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Coffee Market Report 10th to 14th March 2014

COFFEE MARKET NEWS 10th March – 14th March 2014


Coffee Prices, Futures and Currency close levels:







NY May-14 c/lb






Lon May-14 $/t














Futures Markets:

Arabica:  All is not lost for the Arabica market. The reality is that it is only roughly 8 cents from the recent high. This is just a slight correction in the grand scheme of things and until there are further developments in terms of the drought in Brazil then the market won’t see a dramatic reduction in price if at all.  The NYC at least could catch its breath this week!

Robusta: London robusta hit a 17-month high this week, tracking gains in New York arabica, which has surged this year on concerns over dry weather in main coffee producer Brazil. Robusta in Asia are either traded above or at discounts to London futures.

Currency: On the FX markets, GBP/USD pushed to a high of $1.6716 before easing back following the positive US data releases and is testing support around $1.66 in early trading this morning. Meanwhile, EUR/USD lost a cent from a high of $1.3967 following comments from ECB President Draghi that a strong euro was putting deflationary pressure on the euro zone economy.

Physical Markets:

Brazil: Brazil’s coffee exports will rise 6 percent this year due to hefty stocks, which should offset a severe drought that has driven up futures prices of the commodity in recent weeks, the country’s export association Cecafe said on Tuesday. Cecafe General Director Guilherme Braga told Reuters by phone that exports are expected to reach 33 million 60-kg bags in 2014, up from 31.1 million last season. Brazil’s Agriculture Ministry declared a state of emergency in Minas Gerais, the main coffee-producing state, due to the threat of a crop-damaging insect known as the coffee borer, the government’s national gazette said on Thursday.

Colombia: Most of coffee growing areas had rain in last two weeks of February, only farms based in low altitude have had normal flowering for the main crop. In higher altitudes begins 1600 meters most of producers worrying about lack of sun, which moves their crops a bit late.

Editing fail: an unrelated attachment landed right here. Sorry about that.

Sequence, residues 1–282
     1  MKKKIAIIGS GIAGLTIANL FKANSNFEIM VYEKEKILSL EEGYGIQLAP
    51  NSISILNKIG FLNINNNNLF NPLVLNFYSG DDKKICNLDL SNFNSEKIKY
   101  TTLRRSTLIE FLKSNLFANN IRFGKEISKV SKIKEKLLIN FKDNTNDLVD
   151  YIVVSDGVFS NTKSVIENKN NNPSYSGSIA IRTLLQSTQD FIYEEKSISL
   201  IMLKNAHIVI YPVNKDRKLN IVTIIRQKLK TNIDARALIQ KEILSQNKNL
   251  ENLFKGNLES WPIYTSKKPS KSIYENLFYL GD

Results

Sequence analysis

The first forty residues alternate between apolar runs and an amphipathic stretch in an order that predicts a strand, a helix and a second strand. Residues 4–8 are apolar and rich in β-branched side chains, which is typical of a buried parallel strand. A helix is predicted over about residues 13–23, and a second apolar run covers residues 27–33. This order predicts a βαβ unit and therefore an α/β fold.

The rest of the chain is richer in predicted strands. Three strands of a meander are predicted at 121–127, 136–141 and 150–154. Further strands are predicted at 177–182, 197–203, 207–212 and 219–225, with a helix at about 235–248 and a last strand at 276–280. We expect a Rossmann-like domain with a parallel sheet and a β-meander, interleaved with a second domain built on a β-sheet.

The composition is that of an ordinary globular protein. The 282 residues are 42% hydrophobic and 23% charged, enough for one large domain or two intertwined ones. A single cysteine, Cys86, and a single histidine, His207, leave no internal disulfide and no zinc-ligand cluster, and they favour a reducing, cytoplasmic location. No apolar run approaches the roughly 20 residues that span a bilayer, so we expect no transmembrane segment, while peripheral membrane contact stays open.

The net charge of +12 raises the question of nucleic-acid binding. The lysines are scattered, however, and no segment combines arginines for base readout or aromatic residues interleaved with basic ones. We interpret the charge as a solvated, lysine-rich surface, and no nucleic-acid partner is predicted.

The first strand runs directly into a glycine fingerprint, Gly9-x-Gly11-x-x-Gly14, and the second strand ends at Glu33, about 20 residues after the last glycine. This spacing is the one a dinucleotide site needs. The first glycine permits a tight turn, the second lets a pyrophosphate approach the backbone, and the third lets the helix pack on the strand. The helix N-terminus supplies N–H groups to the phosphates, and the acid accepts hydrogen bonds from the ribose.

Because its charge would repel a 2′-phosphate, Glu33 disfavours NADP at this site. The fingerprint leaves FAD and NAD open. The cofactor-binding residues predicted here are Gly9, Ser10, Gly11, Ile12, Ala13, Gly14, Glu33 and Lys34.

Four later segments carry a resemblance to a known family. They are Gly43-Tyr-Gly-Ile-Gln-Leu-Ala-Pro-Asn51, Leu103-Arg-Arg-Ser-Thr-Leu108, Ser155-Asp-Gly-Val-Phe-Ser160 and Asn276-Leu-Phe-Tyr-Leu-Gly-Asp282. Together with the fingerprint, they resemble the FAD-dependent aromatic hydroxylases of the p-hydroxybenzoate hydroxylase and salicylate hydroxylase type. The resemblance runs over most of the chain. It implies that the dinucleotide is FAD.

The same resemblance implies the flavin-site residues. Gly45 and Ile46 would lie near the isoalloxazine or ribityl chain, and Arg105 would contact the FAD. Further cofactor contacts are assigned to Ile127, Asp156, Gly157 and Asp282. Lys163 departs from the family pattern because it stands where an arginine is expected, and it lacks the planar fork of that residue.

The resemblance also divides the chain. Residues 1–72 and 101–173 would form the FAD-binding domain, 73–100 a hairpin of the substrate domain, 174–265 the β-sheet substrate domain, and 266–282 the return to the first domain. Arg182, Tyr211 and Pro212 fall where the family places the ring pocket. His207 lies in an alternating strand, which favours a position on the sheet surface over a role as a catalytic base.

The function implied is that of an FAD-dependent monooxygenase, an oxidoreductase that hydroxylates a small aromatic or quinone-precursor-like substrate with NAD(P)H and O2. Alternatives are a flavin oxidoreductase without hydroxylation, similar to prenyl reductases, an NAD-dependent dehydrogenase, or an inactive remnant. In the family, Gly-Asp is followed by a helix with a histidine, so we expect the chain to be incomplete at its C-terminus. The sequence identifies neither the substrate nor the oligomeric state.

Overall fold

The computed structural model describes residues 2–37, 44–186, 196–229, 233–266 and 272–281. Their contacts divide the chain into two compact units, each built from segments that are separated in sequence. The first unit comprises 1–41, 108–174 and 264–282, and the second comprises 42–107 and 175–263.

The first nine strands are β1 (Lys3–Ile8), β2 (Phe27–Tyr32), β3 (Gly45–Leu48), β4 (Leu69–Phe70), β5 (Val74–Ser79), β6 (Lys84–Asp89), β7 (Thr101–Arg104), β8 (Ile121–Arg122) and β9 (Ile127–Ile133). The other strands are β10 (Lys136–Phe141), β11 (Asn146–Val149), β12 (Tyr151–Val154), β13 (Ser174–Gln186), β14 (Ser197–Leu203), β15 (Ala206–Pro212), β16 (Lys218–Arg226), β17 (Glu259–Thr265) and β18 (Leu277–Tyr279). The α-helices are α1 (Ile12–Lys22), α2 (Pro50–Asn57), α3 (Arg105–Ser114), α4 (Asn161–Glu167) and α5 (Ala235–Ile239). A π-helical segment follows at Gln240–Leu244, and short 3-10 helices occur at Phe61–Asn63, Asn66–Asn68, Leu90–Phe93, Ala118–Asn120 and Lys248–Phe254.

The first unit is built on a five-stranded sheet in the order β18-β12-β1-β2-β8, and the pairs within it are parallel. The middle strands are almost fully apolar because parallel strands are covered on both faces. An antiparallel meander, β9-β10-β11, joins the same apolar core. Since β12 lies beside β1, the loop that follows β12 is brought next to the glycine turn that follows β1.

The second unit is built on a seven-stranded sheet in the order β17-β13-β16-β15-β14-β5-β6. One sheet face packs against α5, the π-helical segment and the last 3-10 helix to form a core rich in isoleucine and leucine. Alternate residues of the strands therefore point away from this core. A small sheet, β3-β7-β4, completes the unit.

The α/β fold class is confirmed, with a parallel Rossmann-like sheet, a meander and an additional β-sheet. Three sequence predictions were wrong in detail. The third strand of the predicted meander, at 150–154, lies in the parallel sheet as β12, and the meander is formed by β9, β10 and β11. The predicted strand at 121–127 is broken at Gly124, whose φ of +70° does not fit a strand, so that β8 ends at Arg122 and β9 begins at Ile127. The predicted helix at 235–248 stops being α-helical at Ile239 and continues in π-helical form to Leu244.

Central America: Central America’s worst-ever coffee leaf rust disease may not be as bad as expected, the International Coffee Organization (ICO) said on Thursday, with the drop in production estimated around 24 percent since the 2011/2012 crop year. In its monthly report, the ICO cited data from Promecafe, the Central American coffee body that pegged production losses due to the devastating fungus in 2013/14 at 11.67 million 60-kg bags, down from 15.38 million bags two years prior, according to Reuters’ calculations. This is roughly 8 percent of the world’s total coffee production expected in 2013/14. This compares with 2011/12, prior to the infestation, when the region’s production accounted for nearly 15 percent of global output.

Kenya: The top price of Kenya’s benchmark coffee grade rose by 21% per 50 kg bag at this week’s auction from last week, the Nairobi Coffee Exchange (NCE) said on Tuesday. A total of 26,448 bags were offered, with 10,827 sold. Last week, 28,891 bags were offered and 13,607 sold.

Uganda: exports in February rose by 2.9 percent year-on-year to 354,837 60-kg bags, helped dry weather that has hastened the drying of beans, a state agency said on Thursday. “The central and eastern regions where harvesting is underway have been witnessing dry weather which is very important in fast drying of the beans,” said a source at the state-run Ugandan Coffee Development Authority (UCDA).

Indonesia: Higher-quality robusta from Indonesia changed hands at hefty premiums this week, but the overall physical market was quiet after recent rallies in London chased buyers away, dealers said on Friday. “Prices are all over the place, and I think everybody is confused,” said an exporter on Indonesia’s main island of Java. “There were several deals this week but only for nearby shipment and high quality beans.”